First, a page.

Every major transaction in the league—and both of those easily qualify as such—is interesting because of several reasons, yes. But two fascinating parts are how a decision is reached and what impact the trade or signing has on the future.
Thanks to a couple of recent reports, the NBA world has some additional answers with regard to both superstar players.
And it'd be a disservice not to start with Leonard.
Sam Amick of The Athletic provided a compelling report that detailed the alleged demands of Leonard's uncle, Dennis Robertson, who serves as an adviser for the All-Star forward.
Robertson's wish list, as Amick labeled it, included several requests that would be deemed illegal, according to the league's collective bargaining agreement.
"Sources say the league was told that Robertson asked team officials for part ownership of the team, a private plane that would be available at all times, a house and—last but certainly not least—a guaranteed amount of off-court endorsement money that they could expect if Leonard played for their team."
Bold strategy, right?
Amick noted Lakers owner Jeanie Buss pointed out the illegal nature of the wish list and said the perks wouldn't be considered. The report also adds Robertson made similar requests to the Toronto Raptors, where Kawhi played last season.
For the record, an NBA investigation found no evidence the Clippers granted any of them. But the demands, per Amick, have created a feeling of resentment "at the highest levels of Laker Land over how Leonard and his camp handled the process."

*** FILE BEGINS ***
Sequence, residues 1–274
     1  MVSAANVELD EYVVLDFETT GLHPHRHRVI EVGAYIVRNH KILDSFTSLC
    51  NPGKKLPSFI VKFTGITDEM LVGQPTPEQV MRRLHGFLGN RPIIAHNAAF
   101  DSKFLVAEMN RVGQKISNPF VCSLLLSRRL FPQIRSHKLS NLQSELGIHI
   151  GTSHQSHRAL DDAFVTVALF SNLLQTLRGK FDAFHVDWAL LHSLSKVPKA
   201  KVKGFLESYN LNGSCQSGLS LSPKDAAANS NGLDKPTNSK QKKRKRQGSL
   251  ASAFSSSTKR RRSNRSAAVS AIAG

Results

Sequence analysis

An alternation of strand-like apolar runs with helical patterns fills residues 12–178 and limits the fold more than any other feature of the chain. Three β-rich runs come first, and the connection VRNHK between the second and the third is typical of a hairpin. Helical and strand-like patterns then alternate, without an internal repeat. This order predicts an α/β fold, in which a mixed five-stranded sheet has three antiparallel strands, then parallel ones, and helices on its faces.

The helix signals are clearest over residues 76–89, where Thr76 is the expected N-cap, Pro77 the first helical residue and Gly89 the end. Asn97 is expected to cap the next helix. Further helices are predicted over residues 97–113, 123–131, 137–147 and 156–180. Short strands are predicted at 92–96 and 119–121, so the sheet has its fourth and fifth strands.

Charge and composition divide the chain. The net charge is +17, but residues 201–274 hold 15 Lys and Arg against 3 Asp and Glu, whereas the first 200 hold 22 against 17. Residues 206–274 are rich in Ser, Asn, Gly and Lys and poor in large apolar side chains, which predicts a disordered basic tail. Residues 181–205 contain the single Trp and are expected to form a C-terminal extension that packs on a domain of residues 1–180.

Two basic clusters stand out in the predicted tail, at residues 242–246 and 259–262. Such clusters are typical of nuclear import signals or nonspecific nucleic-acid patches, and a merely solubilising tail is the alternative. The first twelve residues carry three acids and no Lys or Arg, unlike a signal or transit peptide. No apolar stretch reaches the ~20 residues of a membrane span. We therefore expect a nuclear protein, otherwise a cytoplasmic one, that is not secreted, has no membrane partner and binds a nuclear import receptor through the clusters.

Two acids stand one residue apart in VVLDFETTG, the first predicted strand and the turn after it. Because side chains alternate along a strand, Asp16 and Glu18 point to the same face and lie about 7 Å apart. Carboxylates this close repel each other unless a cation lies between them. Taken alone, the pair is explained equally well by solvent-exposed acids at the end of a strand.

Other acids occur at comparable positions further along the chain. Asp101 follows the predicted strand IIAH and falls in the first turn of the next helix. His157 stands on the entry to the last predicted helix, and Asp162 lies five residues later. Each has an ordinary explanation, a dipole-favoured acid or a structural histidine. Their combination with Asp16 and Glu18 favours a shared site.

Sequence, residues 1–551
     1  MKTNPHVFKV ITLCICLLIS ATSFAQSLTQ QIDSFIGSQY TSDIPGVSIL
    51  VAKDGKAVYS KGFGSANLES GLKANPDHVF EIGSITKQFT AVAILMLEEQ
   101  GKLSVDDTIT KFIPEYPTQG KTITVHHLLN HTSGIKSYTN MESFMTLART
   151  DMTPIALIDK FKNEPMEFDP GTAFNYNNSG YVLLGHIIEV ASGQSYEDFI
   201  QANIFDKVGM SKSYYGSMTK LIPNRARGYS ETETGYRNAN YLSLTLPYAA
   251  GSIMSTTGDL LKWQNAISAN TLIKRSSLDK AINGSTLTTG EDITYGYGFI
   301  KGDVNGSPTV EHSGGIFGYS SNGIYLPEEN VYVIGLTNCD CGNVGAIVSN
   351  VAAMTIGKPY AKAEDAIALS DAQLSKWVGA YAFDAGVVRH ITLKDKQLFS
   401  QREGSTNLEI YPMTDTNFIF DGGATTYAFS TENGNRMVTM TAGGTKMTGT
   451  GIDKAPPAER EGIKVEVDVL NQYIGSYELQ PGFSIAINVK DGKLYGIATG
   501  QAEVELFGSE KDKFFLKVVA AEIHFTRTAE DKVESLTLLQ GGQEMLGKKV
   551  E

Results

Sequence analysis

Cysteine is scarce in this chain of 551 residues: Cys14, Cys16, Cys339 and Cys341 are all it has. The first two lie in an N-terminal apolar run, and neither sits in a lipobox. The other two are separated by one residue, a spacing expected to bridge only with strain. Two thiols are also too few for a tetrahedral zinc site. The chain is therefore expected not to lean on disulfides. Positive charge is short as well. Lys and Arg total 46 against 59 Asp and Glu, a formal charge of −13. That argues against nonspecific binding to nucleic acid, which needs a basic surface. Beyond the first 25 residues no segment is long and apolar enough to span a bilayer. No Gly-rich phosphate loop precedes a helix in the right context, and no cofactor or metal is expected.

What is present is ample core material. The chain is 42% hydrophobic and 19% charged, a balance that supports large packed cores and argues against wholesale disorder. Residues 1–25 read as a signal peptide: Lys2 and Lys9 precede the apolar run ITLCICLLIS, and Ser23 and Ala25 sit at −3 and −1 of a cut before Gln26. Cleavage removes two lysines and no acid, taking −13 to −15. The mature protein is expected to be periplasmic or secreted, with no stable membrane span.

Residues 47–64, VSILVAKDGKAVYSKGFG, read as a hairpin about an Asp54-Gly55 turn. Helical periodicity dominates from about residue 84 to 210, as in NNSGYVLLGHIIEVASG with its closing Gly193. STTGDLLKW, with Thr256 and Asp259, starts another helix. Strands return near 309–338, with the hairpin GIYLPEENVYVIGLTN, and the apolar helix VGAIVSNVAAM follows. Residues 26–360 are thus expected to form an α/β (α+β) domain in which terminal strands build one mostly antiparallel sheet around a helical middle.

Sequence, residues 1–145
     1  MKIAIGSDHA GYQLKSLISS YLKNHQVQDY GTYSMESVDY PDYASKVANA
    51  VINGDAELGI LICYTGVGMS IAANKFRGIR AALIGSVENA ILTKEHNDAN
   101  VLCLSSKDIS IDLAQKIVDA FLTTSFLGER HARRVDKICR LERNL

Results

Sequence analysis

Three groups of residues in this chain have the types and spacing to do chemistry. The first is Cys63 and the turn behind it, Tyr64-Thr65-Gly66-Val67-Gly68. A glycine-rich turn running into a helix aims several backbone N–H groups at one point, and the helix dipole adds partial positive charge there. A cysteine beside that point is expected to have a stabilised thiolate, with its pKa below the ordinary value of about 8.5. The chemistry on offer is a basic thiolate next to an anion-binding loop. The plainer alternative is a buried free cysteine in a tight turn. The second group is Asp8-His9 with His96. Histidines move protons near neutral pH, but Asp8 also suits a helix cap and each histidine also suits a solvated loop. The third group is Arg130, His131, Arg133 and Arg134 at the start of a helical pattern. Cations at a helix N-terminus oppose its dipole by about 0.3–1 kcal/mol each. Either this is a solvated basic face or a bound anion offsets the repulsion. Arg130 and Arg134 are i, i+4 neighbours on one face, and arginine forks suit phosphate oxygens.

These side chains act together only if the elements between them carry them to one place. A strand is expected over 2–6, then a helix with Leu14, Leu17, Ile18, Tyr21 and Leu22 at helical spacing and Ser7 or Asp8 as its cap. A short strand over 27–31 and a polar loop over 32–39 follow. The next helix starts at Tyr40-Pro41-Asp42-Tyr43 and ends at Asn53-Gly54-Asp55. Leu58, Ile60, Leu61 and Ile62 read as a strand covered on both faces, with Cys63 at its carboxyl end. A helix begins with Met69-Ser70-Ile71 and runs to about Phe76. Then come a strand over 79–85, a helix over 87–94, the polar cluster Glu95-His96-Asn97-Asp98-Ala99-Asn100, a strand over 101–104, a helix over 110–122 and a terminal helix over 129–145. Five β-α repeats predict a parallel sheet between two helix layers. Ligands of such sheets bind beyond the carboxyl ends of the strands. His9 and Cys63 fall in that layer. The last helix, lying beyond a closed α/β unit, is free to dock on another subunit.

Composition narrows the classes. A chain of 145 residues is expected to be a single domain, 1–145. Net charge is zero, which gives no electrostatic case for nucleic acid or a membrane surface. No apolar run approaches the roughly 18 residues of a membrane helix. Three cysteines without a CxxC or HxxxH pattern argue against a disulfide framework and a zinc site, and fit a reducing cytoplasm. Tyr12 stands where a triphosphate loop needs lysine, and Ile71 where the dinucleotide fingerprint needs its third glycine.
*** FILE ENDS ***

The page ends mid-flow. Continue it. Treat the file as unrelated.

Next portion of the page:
Next summer won't be anywhere near as dramatic with Davis, it appears.
Davis is eligible to sign an extension in January, but the max offer will be $146 million over four seasons. If he waits until the summer and becomes an unrestricted free agent, the Lakers can extend a five-year contract worth $202 million.
While it's possible Davis prefers a two-year deal to reach the coveted 10-year veteran's max, a five-year contract is the most likely scenario for him this offseason.
The Lakers, of course, will have no hesitation in presenting that offer. After shipping several young players and three first-round picks to the New Orleans Pelicans, Los Angeles has watched Davis average 27.9 points, 9.4 rebounds and 2.7 blocks.
Re-signing Davis, who turns 27 in March, should allow the Lakers to continue a budding rivalry with Kawhi and the Clippers.
Given the most recent reporting, the bitter feelings extend beyond the court and likely won't disappear anytime soon.
Follow Bleacher Report writer David Kenyon on Twitter @Kenyon19_BR.